Hospitals are capital intensive businesses. Hospital buildings are unique structures that require large amounts of capital to construct and maintain. Inside these buildings are pieces of expensive equipment that have fairly short lives. Technological innovations continually drive demand for new and more expensive equipment and facilities. The ability to continually generate capital is the lifeblood of hospitals. In order to compete and succeed, it’s imperative for hospitals to continually invest in large amounts of capital equipment and expensive facilities.

Profit Driven

Capital investment is fueled by profit. In order to continually make the necessary capital investments, hospitals must be profitable. Hospitals unable to generate sufficient profit will fail to make important capital investments, weakening their ability to compete and survive.

Capital Opportunity Selection

Hospital managers bear important responsibility in choosing which capital investments to make. There are always more capital opportunities than capital capacity. In many cases, capital opportunities not taken by hospitals create openings for others with capital capacity to fill the vacuum. By not taking such opportunities, hospitals are weakened, and their operating risk increases.

Stewardship

Stewardship is a term that aptly describes the responsibility borne by hospital managers in making capital investments. The New Testament parable of the talents describes this kind of stewardship. In this story, a merchant entrusted three managers with money to invest. One manager was given five units, another two, and a third one. At the end of the investment period, the two managers given five units and two units reported a 100% return. The manager given one unit reported zero return — he was fired and his unit was given to the first manager.

This is stewardship — and hospital managers are stewards of their organizations’ assets. Too often, not-for-profit hospital managers hold an erroneous view of the returns expected of them. Like the third manager in the parable, they think zero return on equity is acceptable. They understand capital investment funded by debt needs to cover the interest on the debt, but they view capital investments funded by equity as having no cost associated with the equity. From an accounting perspective, they are right. From a stewardship perspective they are dead wrong — just like the third manager in the parable.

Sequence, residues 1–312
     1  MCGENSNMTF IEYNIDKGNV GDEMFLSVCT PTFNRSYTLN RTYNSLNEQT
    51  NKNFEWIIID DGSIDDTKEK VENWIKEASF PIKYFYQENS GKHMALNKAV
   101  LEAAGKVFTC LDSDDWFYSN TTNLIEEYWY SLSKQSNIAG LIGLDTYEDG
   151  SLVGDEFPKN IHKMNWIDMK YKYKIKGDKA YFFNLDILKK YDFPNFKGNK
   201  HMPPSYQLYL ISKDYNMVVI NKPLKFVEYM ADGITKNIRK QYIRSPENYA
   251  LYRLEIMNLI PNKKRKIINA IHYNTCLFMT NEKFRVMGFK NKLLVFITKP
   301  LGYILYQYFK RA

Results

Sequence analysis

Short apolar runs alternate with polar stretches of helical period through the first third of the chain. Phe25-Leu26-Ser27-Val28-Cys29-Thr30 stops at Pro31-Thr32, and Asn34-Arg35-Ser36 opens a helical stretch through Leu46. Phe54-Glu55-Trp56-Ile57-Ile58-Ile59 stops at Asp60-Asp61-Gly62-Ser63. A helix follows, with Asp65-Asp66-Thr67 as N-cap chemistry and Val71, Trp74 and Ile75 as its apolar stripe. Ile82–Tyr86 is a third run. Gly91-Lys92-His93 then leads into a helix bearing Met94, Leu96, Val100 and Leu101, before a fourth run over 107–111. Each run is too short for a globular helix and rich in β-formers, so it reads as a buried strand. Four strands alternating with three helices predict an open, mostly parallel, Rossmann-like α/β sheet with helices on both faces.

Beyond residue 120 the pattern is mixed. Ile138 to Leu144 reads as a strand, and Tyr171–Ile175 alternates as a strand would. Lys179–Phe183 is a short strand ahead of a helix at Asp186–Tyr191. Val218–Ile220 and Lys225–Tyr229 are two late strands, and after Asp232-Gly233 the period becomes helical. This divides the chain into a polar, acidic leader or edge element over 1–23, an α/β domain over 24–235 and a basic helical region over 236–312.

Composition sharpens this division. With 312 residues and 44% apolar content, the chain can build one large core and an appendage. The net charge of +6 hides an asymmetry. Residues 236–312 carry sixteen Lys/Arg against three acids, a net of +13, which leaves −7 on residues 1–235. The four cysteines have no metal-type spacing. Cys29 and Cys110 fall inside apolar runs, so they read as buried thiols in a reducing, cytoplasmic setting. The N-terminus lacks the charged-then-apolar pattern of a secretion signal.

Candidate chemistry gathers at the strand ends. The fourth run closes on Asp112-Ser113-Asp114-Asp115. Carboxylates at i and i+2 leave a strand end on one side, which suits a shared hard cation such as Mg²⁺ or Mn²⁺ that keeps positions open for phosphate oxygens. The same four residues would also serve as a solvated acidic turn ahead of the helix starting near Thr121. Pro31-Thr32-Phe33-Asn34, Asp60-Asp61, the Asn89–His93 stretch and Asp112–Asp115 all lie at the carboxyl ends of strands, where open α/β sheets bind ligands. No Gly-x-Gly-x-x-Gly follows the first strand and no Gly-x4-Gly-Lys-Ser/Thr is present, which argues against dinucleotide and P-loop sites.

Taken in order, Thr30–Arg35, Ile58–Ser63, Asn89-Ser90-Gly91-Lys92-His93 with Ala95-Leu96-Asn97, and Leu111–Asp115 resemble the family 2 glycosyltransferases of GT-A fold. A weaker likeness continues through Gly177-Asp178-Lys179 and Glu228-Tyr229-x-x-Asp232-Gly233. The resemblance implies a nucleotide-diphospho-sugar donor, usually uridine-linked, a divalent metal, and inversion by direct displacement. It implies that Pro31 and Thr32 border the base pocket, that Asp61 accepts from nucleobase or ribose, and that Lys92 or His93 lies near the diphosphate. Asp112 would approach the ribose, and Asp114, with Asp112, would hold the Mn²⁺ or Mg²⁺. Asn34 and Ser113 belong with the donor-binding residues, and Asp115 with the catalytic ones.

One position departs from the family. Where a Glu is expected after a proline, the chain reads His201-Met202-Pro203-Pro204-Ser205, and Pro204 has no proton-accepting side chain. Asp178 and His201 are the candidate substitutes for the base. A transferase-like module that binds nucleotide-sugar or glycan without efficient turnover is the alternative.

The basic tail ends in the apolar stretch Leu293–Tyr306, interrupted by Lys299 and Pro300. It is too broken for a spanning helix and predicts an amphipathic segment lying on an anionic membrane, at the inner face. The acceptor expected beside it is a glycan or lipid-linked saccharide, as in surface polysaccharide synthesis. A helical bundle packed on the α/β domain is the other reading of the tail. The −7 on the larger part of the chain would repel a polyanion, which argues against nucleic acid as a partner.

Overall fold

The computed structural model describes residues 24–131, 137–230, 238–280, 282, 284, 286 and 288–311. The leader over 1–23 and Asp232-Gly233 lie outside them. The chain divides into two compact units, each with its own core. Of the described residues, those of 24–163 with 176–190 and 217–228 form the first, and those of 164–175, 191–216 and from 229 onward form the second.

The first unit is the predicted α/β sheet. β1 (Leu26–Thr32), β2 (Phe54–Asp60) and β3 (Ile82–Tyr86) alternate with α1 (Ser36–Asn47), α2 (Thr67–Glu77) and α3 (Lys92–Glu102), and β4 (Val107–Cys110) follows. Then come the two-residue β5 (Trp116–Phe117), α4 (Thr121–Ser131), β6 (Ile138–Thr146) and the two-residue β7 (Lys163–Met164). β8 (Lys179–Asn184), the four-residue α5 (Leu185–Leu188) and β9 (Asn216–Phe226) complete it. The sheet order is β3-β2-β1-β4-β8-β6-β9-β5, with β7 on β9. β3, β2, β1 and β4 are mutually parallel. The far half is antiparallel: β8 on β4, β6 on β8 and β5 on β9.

Here’s why: as stewards, they are responsible for managing the entrusted assets. They can either put these assets at risk themselves, or they can put those assets in the market and let other managers put them at risk. If they choose to put them at risk themselves, and then they have the mandate of creating as much value from putting them at risk as they would realize if they put them in the market for other managers to put at risk. They have the duty to realize returns that are equivalent to the returns they could realize in the market; otherwise, they should just put them in the market. They can either invest in hospital assets or work the assets themselves, or they can invest in financial market assets so others can work the assets. When they choose to invest in hospital assets, the required return is not zero. That’s the return they get fired for. The required return is equivalent to market returns.

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Assessment

Thus, when evaluating performance of hospital management teams, the minimum acceptable performance level is return on equity that is equivalent to the return that could be realized by investing the hospital assets in the market. And when evaluating a capital investment opportunity, it is important to apply a capital charge equivalent to the hospital’s weighted cost of capital — a measure that imputes an appropriate cost to the equity portion of the capital along with the stated interest rate for the debt portion of the capital structure.

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Conclusion

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Understanding Hospital Community Essentiality

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Views Differ on this Important Concept

[By Calvin W. Wiese; CPA, CMA, MBA]